[Milton-L] Abdiel (thought-sins)

Michael Gillum mgillum at unca.edu
Tue Jul 1 19:15:03 EDT 2008


Jim R., thanks for the clear explanation.

To begin with your last question -- and subject to correction -- I think
Milton understood regeneration as an instantaneous radical makeover, but not
with "perfect and complete results." It is also the beginning of a process.
There is an analogy in PL where God intended his unfallen humans to change
and grow more perfect. (I'm not sure how that comports with God's certain
knowledge that they would get worse instead, but that's one of the cracks
that show up when Milton starts trying to explain everything, bless his
heart.)

Now, where you and I are talking past each other is that I am persistently
denying that the forbiddance of the fruit is the only rule for A&E. It is
rather the only rule that needs to be spoken, because they already know, or
have the ability to discern, the other rules.  A&E are  subject to natural
law, which they understand through reason. Natural law says not to diddle
the wombats, among a vast multitude of other rules. The law of reason is to
live in accordance with the right ordering of things. Doing so comes
naturally for A&E because their unfallen psyches are ordered so that reason
is automatically in charge. Also Adam's reason especially is very powerful
(though not inerrant, according to him). Therefore, when Adam fails even to
consult reason at the moment of his temptation, it requires a fundamental
perversion of his nature. He must have deliberately turned off the light
switch so he could stumble in the dark.

To "approve" the temptation before acting is not to violate the special or
"positive" prohibition of the tree. Rather it is to violate the natural and
rational obligation to maintain a state of obedience toward the creator. The
Christian Doctrine says that the first function of right reason was "to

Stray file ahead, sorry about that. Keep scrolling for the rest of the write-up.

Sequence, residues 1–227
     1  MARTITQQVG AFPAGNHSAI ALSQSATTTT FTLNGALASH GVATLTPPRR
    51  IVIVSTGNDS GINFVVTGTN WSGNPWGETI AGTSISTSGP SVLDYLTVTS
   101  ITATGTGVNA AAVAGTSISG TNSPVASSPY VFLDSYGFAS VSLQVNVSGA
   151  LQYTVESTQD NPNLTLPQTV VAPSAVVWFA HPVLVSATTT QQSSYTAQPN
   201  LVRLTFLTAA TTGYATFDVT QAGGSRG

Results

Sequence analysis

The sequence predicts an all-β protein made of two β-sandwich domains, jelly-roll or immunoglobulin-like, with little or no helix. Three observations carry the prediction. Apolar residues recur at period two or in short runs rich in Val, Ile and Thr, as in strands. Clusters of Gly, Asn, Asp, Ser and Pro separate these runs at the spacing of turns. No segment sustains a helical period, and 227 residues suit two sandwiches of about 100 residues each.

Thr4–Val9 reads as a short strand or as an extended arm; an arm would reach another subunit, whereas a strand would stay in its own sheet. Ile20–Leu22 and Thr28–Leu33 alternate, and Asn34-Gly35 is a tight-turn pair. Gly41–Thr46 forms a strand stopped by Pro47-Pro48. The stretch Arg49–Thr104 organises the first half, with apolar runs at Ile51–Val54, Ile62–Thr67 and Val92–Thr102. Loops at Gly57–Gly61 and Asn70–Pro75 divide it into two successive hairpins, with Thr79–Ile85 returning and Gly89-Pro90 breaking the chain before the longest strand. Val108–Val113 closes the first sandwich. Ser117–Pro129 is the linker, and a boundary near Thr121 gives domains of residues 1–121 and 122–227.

discern the chief good," meaning a right relationship with God. To decide to
eat the fruit is to break fealty and violate natural law.

Michael

On 7/1/08 5:15 PM, "James Rovira" <jamesrovira at gmail.com> wrote:

> Michael and Carol: I tried to explain these distinctions from my
> divorce example in my previous post, but perhaps I was not clear.  The
> primary distinction I see in the Genesis account is that prior to the
> fall, there was only one command, and all moral reasoning and
> principles were embodied in that command, while after the fall there
> were multiple commands, multiple principles, and far more complex
> contexts.  Furthermore, prior to the fall, there was no sin to observe
> -- Adam and Eve did not see other people sinning.
> 
[snip]
> Christ's teachings, on the other hand, clearly forbid mental acts such
> as lust and hatred, and the Mosaic law forbids coveting.  To apply
> these standards -- demands for perfect mental obedience as well as
> physical obedience --  to Adam and Eve is therefore to "Christianize"
> them.  So this leads me to my question again -- did Milton see a
> difference between the Christian and the unfallen Adam and Eve, or did
> he believe that to become a Christian was to return to the state Adam
> and Eve were in before the fall?  Diane posted an interesting
> quotation from OCD about regeneration, but it was unclear to me from
> that short quotation if Milton understood regeneration as a process or
> as something that happens instantaneously with perfect and complete
> results upon reception of the Holy Spirit.
> 
> Jim R
> 
> 




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